Have you ever stumbled on a piece of software that made you kick yourself for not thinking to search for a solution to an ongoing quandary sooner? That’s my experience with Playnite, a front-end for an entire PC gaming library.
As an emulation fan, I’ve tested out a number of different front-ends before, but often gave up quickly because I never wanted to put the time and effort required into making it work and look “perfect”. With Playnite, I had a cool-looking multi-platform library set up within minutes. Yes, even emulators.
Did I just hear you say “Damn!?” Well, you may also enjoy the fact that Playnite is open-source, free-to-all. Users who support the author via Patreon can gain access to new builds two weeks in advance of public release.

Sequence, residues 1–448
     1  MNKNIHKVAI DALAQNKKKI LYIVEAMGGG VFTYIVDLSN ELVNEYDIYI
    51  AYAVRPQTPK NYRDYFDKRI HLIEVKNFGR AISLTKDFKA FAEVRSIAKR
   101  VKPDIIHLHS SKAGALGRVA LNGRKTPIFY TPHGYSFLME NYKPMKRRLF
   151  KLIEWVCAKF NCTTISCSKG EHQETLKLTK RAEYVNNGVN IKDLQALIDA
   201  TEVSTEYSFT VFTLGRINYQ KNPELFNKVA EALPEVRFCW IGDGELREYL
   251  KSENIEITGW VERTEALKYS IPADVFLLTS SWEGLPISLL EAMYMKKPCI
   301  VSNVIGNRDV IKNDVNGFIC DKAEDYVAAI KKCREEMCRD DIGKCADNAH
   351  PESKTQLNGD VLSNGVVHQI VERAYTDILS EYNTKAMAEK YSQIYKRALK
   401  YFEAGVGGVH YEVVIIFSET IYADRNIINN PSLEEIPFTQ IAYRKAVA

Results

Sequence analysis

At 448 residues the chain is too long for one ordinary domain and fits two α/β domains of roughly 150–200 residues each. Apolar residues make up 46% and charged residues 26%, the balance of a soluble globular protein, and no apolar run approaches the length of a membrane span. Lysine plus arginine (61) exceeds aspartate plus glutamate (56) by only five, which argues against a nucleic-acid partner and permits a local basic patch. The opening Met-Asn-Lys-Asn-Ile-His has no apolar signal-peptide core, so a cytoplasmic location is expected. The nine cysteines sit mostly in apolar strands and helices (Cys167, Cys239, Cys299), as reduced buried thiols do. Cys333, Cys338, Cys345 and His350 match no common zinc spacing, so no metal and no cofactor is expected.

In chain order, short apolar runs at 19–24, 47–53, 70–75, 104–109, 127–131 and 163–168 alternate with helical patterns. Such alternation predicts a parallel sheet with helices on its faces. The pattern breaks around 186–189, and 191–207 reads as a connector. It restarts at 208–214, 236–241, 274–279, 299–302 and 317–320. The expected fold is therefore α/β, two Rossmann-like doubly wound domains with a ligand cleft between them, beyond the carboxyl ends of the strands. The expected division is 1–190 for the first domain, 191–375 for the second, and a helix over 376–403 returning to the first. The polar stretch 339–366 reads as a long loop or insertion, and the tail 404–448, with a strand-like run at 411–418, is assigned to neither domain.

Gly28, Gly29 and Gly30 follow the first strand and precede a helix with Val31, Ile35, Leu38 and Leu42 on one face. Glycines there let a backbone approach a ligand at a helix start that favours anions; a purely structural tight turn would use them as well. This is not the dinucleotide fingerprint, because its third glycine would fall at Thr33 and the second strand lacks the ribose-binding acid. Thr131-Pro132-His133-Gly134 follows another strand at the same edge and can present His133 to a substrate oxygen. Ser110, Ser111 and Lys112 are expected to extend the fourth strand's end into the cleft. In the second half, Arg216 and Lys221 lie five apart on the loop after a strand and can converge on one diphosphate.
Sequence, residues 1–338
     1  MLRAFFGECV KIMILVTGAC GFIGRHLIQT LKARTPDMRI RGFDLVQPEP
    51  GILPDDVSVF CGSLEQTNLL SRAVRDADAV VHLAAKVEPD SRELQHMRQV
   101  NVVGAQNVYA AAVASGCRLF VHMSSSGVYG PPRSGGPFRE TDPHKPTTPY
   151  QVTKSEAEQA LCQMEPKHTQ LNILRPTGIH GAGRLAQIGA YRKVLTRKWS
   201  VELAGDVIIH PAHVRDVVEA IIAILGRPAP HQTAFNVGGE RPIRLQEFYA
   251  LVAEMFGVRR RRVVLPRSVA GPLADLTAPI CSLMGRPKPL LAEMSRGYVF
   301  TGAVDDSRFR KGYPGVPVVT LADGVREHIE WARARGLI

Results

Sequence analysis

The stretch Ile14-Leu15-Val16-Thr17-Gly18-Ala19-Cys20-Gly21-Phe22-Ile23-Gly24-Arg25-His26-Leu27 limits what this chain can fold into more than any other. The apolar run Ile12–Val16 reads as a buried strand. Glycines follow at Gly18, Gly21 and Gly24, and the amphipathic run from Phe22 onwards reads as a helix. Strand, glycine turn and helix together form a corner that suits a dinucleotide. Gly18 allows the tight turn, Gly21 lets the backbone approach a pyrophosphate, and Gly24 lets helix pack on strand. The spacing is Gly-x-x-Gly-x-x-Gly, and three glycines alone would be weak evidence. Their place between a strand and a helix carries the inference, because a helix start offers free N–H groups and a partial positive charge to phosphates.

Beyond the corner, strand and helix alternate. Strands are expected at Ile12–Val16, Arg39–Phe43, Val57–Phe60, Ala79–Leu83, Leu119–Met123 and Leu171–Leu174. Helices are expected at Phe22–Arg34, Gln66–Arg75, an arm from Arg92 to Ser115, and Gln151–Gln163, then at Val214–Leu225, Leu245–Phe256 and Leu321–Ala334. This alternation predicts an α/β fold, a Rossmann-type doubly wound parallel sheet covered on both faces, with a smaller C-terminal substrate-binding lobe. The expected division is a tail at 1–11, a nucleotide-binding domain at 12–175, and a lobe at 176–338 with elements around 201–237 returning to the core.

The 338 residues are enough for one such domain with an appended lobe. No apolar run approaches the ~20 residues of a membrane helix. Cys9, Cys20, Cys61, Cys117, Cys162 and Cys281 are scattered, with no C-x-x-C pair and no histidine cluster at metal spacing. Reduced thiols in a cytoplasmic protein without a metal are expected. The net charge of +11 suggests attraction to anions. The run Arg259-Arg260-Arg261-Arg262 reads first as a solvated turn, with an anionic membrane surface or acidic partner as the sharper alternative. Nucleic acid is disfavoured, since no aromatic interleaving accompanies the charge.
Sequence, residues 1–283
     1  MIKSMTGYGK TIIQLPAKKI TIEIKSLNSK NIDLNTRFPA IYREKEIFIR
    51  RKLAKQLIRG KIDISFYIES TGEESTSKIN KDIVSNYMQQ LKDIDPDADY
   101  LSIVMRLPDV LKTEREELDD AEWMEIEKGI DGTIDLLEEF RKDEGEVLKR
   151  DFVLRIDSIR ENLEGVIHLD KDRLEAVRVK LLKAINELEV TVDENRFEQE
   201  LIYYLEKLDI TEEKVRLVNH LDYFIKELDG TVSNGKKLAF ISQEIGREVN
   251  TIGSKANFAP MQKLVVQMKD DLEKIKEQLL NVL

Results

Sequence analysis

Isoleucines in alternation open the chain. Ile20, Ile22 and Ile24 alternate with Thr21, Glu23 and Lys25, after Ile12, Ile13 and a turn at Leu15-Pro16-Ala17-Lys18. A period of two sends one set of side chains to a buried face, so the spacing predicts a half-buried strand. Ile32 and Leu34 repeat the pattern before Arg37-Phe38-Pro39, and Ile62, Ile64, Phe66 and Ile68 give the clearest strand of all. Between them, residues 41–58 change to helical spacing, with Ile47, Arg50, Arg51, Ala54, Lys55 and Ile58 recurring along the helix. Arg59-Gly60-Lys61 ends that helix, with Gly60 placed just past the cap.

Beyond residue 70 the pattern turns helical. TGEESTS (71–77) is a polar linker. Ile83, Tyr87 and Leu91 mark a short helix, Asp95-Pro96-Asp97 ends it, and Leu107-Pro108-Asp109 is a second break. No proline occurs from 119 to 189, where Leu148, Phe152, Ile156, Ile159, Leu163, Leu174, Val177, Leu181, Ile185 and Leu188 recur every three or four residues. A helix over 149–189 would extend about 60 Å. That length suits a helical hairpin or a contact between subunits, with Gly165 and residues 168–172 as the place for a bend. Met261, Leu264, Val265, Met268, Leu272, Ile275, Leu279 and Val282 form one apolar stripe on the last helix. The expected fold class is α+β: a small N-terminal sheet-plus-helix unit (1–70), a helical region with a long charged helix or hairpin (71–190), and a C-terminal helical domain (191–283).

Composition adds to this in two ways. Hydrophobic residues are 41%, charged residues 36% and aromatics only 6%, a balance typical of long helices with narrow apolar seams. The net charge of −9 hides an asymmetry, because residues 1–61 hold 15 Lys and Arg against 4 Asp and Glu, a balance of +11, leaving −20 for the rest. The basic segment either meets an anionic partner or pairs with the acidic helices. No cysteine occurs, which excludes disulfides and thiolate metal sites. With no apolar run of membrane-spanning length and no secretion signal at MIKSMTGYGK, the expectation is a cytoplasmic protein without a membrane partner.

Side note: While this article was being put together, I also discovered Heroic Games Launcher, which serves largely the same purpose as Playnite, but doesn’t support emulators, or as many game stores. It does boast the nice feature of being available for Linux and macOS, in addition to Windows, however.
The screenshot above does a good job of highlighting the level of platform coverage in Playnite. Dying Light 2 is Steam, Forsaken is GOG, Tony Hawk’s Pro Skater 1+2 is Epic, and Trackmania is Ubisoft. For emulated games, San Francisco Rush 2049 is Dreamcast, Tony Hawk’s Underground is PlayStation 2, and The Legend of Zelda: Ocarina of Time is GameCube. You can also add standalone games, as I did with Asheron’s Call.
A Look At Playnite